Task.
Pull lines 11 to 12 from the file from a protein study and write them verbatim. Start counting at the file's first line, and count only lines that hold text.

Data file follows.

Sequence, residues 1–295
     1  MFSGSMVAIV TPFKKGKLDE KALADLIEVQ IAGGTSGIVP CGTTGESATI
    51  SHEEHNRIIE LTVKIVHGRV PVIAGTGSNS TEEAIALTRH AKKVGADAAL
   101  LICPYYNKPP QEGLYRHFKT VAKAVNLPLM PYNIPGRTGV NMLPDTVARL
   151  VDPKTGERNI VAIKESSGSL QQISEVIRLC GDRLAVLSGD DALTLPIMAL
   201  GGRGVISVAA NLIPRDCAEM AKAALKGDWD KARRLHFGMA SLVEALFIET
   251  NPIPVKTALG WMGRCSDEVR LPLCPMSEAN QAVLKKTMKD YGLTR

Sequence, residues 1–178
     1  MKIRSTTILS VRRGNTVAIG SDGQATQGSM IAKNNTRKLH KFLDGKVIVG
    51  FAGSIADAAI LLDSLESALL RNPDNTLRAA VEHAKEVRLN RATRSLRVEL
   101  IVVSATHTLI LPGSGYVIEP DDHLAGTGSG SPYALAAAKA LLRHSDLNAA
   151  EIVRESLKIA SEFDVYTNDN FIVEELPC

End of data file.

   101  IVVSATHTLI LPGSGYVIEP DDHLAGTGSG SPYALAAAKA LLRHSDLNAA
   151  EIVRESLKIA SEFDVYTNDN FIVEELPC